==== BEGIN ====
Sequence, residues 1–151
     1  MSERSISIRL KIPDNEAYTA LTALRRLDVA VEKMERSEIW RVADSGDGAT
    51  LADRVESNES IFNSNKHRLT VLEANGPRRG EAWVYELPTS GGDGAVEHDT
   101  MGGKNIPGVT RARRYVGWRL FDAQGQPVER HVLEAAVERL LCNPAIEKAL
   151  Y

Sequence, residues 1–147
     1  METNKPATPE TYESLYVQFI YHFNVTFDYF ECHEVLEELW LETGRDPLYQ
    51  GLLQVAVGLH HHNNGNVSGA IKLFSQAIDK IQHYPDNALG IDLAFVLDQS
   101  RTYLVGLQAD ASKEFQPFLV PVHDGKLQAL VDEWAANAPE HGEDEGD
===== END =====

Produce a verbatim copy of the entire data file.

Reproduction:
Sequence, residues 1–151
     1  MSERSISIRL KIPDNEAYTA LTALRRLDVA VEKMERSEIW RVADSGDGAT
    51  LADRVESNES IFNSNKHRLT VLEANGPRRG EAWVYELPTS GGDGAVEHDT
   101  MGGKNIPGVT RARRYVGWRL FDAQGQPVER HVLEAAVERL LCNPAIEKAL
   151  Y

Sequence, residues 1–147
     1  METNKPATPE TYESLYVQFI YHFNVTFDYF ECHEVLEELW LETGRDPLYQ
    51  GLLQVAVGLH HHNNGNVSGA IKLFSQAIDK IQHYPDNALG IDLAFVLDQS
   101  RTYLVGLQAD ASKEFQPFLV PVHDGKLQAL VDEWAANAPE HGEDEGD